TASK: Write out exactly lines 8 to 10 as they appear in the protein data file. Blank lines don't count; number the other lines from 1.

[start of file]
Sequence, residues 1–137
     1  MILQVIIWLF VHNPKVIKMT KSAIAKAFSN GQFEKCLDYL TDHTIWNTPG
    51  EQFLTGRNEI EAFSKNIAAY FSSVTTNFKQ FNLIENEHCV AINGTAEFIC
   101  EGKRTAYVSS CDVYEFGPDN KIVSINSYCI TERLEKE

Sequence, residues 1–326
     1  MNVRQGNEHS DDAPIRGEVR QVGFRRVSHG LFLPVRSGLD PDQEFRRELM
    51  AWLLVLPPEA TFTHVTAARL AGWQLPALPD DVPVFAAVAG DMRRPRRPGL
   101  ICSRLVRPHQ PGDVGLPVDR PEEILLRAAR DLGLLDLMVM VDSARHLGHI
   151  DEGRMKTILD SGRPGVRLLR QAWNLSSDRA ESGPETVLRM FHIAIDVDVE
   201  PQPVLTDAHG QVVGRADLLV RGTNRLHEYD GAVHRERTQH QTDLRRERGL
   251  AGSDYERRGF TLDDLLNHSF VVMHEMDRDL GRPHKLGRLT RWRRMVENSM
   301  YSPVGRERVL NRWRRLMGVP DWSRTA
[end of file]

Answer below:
   101  ICSRLVRPHQ PGDVGLPVDR PEEILLRAAR DLGLLDLMVM VDSARHLGHI
   151  DEGRMKTILD SGRPGVRLLR QAWNLSSDRA ESGPETVLRM FHIAIDVDVE
   201  PQPVLTDAHG QVVGRADLLV RGTNRLHEYD GAVHRERTQH QTDLRRERGL